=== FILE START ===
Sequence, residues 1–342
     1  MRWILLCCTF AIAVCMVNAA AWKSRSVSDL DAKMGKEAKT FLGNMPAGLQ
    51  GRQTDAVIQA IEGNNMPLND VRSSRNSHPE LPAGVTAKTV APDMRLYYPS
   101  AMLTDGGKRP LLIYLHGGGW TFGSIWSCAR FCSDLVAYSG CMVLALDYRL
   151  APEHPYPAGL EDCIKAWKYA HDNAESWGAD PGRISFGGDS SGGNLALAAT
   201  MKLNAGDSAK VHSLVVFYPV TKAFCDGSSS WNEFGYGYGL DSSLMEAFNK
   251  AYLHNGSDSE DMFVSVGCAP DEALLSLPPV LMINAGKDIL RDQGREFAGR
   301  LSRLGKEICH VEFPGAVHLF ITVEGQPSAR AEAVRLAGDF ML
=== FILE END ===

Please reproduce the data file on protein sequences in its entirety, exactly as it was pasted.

Sequence, residues 1–342
     1  MRWILLCCTF AIAVCMVNAA AWKSRSVSDL DAKMGKEAKT FLGNMPAGLQ
    51  GRQTDAVIQA IEGNNMPLND VRSSRNSHPE LPAGVTAKTV APDMRLYYPS
   101  AMLTDGGKRP LLIYLHGGGW TFGSIWSCAR FCSDLVAYSG CMVLALDYRL
   151  APEHPYPAGL EDCIKAWKYA HDNAESWGAD PGRISFGGDS SGGNLALAAT
   201  MKLNAGDSAK VHSLVVFYPV TKAFCDGSSS WNEFGYGYGL DSSLMEAFNK
   251  AYLHNGSDSE DMFVSVGCAP DEALLSLPPV LMINAGKDIL RDQGREFAGR
   301  LSRLGKEICH VEFPGAVHLF ITVEGQPSAR AEAVRLAGDF ML